He said, “We are rice farmers in this locality. We have not had this tragic experience before, although we have had some encounters with these insurgents.”
According to him, before the attack, there were intelligence reports indicating the terrorists were planning the attack, but soldiers only embarked on their regular patrol in the area.
Terrorists came to kill innocent people after soldiers left – Resident
“Soldiers went round the area to patrol in their vehicles. It was after they had left that the terrorists attacked the innocent farmers.”
On Sunday, the murdered farmers were given a mass burial at Zabarmari, 20 kilometres from Maiduguri.
The burial was attended by the Borno state Governor, Prof. Babagana Zulum.
In his address after the burial, Zulum said the security situation in the communities must improve.
He stated, “We shall recruit more of our youths into the volunteer services and mobilise them to take the fight to the terrorists especially around Zabarmari axis so that the entire population of this locality can be secured.
Zulum, who said more than 43 people must have been killed, stated, “This is very sad. We are still appealing to the Federal Government to ensure recruitment of more of our youths into the CJTF (civilian joint task force) and hunters into the Nigerian military so that they can form part of the agro-rangers that will protect farmers.”
B’Haram still strong in many parts of Borno – gov
He also admitted that “Boko Haram sect is still existing strongly in many parts of our state.”
He noted that the dreaded sect still occupied the Sambisa forest and the Lake Chad regions in northern Borno.
Meanwhile, there was outrage over the attack on Sunday with the President of the Senate, in a statement by his media aide, Ola Awoniyi, describing it as another barbaric act against innocent Nigerians.
The statement was titled, ‘Senate President condemns killing of farmers in Borno.’
He said, “This heinous crime is particularly sad given the ongoing spirited efforts by the Federal Government at ensuring food security in Nigeria through the many programmes that have been put in place to support the agriculture sector.
“This incident is heart-rending and again demonstrates why we must all continue to support the security forces to thwart the criminals in their evil determination to impose a reign of terror on the North -East of Nigeria.”
Gbajabiamila, on his part, expressed sadness over the killing of the farmers and said the incident had once again brought to the fore the need for more military actions against the terrorists.
This was contained in a statement issued on Sunday by the Special Adviser to the Speaker on Media and Publicity, Lanre Lasisi.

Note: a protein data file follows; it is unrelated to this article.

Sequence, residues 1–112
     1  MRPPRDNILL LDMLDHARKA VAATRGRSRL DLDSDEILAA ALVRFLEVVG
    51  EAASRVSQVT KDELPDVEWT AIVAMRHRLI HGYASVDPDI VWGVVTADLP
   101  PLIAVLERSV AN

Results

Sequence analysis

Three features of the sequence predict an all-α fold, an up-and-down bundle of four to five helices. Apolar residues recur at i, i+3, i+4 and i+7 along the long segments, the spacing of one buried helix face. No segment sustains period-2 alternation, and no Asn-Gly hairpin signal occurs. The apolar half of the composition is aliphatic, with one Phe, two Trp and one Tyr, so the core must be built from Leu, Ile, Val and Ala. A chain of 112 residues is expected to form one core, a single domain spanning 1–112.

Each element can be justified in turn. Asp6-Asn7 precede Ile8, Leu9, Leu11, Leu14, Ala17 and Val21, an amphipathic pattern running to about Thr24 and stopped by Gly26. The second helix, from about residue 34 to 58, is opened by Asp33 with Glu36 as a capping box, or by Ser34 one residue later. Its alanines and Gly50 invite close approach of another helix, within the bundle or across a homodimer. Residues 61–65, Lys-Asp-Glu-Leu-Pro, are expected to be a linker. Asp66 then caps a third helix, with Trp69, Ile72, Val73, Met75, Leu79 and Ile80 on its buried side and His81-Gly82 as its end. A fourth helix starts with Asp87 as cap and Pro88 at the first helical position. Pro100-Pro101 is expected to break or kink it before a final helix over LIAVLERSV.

The statement was titled, ‘Gbajabiamila condemns killing of Borno rice farmers, calls for more military action against insurgents.’
The Speaker said it was unfortunate that farmers were killed “in a most gruesome manner” at a time the country was focusing on self-sufficiency in rice production
Rise, protect yourselves, CNG tells Northerners
The CNG called on northerners to “rise and protect themselves” from all forms of banditry and insurgency afflicting the region.
The organisation said that regime of the President, Major General Muhammadu Buhari (retd), had lost control over “the imperatives of protecting northerners.”
The CNG, in a statement by its Spokesperson, Abdul-Azeez Suleiman, titled, ‘Borno killings: Time for citizen action’, said, “Time has come for citizens to rise and protect themselves. The situation under which all northern communities live today is no longer tolerable and we must all rise to protect ourselves and demand an immediate and comprehensive overhaul of the leadership of the nation’s military and the entire security and law and order assets.
“The President and federal troops keep telling us that they are doing something about the mounting insecurity; but by now, all northerners must have realized that our region has been abandoned at the mercy of a rampaging insurgency that is continuously wasting the greatest asset of North, its population and weakening it politically and pauperizing it.”
The Managing Director of Wal-Wanne Group, Abiso Kabi, in a statement on Sunday, said the sad incident would not only cause instability in the zone, but would also lead to poverty and make the people to depend on aid.
Kabi said the Koila Agro Allied Nigeria Limited was the most affected company, as it lost many of its farmers to the attack.
He called on the Federal Government to recruit more persons into the civilian joint task force to boost security in the state.
The Convener, Coalition in Defence of Nigerian Democracy and Constitution, Ariyo-Dare Atoye, in an interview with The PUNCH admonished Nigerians to unite and be resolute in demanding the overhaul of the nation’s security architecture.
He said Buhari should either sack the service chiefs or tender his resignation letter, noting that Nigerians had lost confidence in them and by extension, in the Buhari regime.